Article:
The current legislative budget standoff has become like the plot of a soap opera that stays on television for three decades – you keep watching the same people do and say the same things over and over again.
In the House, there’s the same penchant to throw non-recurring revenue at recurring state expenses that’s been evident for the last decade. The late Gov. Kirk Fordice was conducting the same arguments with lawmakers that have consumed current Gov. Haley Barbour’s relationship with the House during his two terms.
Rather than exact the $90 million hospital assessment backed by Barbour to help fund Medicaid, House leaders consistently called that method a “tax on the sick” until economic times got hard this year. Then, the House leadership retreated to a second line – it’s OK to tax the sick at around $60 million, so long as the state kicks back some money to the state’s hospitals who are angry about having to pay the assessments.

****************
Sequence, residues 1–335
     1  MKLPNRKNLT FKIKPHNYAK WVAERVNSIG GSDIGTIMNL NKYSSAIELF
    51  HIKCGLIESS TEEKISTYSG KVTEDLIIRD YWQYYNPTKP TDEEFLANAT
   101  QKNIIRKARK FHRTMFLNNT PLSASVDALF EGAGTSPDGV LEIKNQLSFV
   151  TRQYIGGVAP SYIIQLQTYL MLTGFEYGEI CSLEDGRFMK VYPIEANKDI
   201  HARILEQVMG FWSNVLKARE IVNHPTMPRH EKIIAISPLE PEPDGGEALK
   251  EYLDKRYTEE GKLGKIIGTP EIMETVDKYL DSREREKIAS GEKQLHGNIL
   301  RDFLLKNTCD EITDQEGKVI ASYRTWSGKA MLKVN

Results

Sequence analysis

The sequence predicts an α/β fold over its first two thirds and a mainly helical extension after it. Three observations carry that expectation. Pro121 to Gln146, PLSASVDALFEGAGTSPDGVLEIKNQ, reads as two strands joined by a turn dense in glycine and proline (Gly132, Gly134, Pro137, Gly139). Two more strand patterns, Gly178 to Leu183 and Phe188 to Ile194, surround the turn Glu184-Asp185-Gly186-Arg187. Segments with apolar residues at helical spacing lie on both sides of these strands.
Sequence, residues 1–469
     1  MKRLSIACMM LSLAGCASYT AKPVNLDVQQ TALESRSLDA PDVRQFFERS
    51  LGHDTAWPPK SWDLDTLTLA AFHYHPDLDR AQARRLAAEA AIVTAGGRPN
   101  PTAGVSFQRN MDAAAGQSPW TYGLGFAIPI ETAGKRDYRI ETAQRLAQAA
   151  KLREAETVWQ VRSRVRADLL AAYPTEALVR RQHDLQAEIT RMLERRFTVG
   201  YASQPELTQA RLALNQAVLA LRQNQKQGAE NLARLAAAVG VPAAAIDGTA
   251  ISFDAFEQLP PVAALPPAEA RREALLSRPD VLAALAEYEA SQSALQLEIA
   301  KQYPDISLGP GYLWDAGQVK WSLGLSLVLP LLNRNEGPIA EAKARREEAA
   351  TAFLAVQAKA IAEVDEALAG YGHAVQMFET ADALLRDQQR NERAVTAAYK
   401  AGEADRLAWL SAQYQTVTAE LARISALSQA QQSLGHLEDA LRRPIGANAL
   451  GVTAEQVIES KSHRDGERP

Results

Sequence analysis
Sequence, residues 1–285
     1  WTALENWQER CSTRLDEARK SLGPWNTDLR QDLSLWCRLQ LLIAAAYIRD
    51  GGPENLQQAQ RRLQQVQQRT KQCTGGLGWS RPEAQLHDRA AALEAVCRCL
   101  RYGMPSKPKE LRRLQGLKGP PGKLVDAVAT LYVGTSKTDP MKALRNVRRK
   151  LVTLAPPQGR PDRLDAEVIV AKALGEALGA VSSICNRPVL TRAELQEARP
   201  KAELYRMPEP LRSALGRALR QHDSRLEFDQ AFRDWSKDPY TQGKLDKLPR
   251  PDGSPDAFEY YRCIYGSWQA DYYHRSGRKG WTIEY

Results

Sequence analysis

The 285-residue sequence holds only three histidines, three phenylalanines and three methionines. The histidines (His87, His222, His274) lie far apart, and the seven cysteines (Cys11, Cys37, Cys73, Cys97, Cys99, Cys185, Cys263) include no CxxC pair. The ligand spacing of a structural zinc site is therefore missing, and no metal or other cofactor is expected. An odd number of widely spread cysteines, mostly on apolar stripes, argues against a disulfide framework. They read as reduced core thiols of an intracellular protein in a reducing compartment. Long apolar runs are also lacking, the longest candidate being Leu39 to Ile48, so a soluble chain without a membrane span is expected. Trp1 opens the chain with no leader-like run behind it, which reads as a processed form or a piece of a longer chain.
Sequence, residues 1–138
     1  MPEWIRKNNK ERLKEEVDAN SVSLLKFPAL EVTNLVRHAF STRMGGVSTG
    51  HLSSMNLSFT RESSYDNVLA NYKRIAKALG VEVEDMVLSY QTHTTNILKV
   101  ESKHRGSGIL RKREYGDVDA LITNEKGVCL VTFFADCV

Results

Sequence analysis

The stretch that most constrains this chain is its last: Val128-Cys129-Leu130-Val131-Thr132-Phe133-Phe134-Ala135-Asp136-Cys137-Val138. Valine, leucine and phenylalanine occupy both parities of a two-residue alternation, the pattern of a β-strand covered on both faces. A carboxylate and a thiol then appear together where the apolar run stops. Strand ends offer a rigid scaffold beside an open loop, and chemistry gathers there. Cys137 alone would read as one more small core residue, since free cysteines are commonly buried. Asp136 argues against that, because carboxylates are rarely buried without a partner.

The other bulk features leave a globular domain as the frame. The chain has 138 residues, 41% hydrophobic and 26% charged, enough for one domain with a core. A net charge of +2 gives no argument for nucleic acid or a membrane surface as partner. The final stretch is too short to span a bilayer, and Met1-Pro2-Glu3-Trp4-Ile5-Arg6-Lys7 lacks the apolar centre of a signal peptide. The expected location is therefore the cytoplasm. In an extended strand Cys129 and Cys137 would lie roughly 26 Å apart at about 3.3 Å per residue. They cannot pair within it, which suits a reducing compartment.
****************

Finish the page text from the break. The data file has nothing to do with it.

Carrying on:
That despite the fact that some of the hospitals squealing the loudest about “hospital taxes” are the ones that perform little or no Medicaid care and who are sitting on hundreds of millions of dollars of cash in retained earnings or squirreled away in hospital-controlled foundations.